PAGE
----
The operator of two state authorized clinics was informed by the Medicaid Inspector General that an audit of his facilities uncovered approximately 6 million dollars in overpayments.

The aggrieved party challenged the findings and a final audit report (FAR) reduced the amount quite substantially to1.85 million! This last amount was the result of an extrapolated estimate and the operator was duly informed that it had been reached on a sampling of encounters. By regulation there is a presumption that it is accurate in the absence of contrary evidence. ...

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October 18, 2018
New York Downtown Hospital employed a medical scientist and also a Vice President of Research and Chair of the Institutional Review Board (IRB) of the institution.

The medical scientist (later to be the plaintiff in the litigation) was charged with the responsibility of developing materials for a clinical trial of a compound designed to treat those with metastatic cancer.

New York Downtown terminated both persons claiming that they had violated the hospital’s conflict of interest policy in that they had taken money from the developer of the compound. The terminated employees, in turn, filed a complaint with the FDA contending that the patients being treated might not receive adequate supervision from the institution. ...
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September 23, 2018
We know we have written before about the unpleasant topic of what you should do if you receive a letter from the Office of Professional Medical Conduct. We do believe that this is so important a topic that it bears repetition. The following will not be the normal type of discussion you might anticipate from an attorney but it is rather a conversational piece to talk about a topic most would prefer not to contemplate.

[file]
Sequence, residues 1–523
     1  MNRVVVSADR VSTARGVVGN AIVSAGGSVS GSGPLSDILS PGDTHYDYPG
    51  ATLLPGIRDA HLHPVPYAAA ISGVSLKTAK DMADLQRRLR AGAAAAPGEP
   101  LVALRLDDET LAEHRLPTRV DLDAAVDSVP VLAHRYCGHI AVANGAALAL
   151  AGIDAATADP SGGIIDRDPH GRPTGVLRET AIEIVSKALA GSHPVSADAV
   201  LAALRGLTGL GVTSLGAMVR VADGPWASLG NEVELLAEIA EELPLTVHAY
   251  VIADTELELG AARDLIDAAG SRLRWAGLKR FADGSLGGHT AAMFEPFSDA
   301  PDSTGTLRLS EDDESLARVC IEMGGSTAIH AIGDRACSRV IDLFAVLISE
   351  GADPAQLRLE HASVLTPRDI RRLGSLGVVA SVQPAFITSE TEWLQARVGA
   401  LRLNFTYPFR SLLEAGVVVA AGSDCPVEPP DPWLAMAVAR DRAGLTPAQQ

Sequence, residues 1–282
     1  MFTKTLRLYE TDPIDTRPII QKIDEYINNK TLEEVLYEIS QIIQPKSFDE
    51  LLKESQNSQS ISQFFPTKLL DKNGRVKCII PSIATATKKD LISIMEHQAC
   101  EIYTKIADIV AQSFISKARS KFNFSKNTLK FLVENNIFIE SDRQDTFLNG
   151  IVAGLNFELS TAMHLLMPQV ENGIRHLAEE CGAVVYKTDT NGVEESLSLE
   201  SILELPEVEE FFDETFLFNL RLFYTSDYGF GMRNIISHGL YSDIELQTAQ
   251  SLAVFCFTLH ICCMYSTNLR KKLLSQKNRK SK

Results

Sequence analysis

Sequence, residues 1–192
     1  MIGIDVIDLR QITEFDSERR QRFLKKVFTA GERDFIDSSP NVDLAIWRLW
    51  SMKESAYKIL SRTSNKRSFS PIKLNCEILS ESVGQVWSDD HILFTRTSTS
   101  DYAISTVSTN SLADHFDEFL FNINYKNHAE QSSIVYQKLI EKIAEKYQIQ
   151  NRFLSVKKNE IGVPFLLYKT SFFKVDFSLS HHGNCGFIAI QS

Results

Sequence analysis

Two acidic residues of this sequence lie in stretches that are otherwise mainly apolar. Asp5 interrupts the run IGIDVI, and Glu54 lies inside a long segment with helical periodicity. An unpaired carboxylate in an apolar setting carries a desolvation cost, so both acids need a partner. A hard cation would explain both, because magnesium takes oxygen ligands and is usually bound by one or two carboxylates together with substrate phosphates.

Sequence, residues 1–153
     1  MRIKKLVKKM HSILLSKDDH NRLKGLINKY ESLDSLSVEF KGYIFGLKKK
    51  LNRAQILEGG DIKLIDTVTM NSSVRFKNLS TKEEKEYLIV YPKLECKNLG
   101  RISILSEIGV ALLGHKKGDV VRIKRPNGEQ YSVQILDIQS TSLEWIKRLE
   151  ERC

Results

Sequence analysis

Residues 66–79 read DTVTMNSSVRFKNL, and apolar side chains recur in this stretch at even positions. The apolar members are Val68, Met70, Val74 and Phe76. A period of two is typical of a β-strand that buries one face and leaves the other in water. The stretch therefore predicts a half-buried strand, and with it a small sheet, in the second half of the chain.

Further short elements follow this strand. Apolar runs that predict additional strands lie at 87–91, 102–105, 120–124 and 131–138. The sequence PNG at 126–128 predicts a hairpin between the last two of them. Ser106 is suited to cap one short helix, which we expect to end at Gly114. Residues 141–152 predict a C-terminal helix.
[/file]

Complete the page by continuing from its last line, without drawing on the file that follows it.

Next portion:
Back to the letter – DO NOT – and we emphasize DO NOT contact the OPMC person who has written the letter to you. Do not become involved in a discussion with OPMC – that office was not created to necessarily protect the rights of physicians but rather to investigate complaints brought against a practitioner – or to question certain aspects of a practice. Let’s look at it this way – if you received a summons in a malpractice suit you would immediately contact your carrier. ...
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July 15, 2018
A recent court decision has received a great deal of attention in legal circles and we thought it would be of interest to you. It centers about the powers of the New York State Comptroller and we think you would agree with us that it is quite rare to think of the Comptroller and healthcare in the same sentence. In essence, United Healthcare pays the claims submitted by physicians for services provided to state employees under the Empire Plan. The Plan is the primary for the State’s health insurance program. The obligations of United are to process and pay the claims. ...
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June 24, 2018
The following report concerning sexual harassment was in the "pipeline" and recent stories and headlines make the topic even more relevant today...
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May 20, 2018
The continuous doctrine issue continues to be a hot button for the legal community and the fact patterns in the cases are sufficient to cause raised eyebrows in shock! ...
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April 22, 2018
We would take this opportunity to report on two recent court decisions which are of unique interest in analyzing the legislative meaning of statutes applying to the profession...
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March 18, 2018
A recent court decision in the Appellate Division governing Queens/Long Island should be of interest to participating physicians with Health Plans...
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January 21, 2018
New York State has gone to great efforts to ease the transition of patients from one health insurer to another ...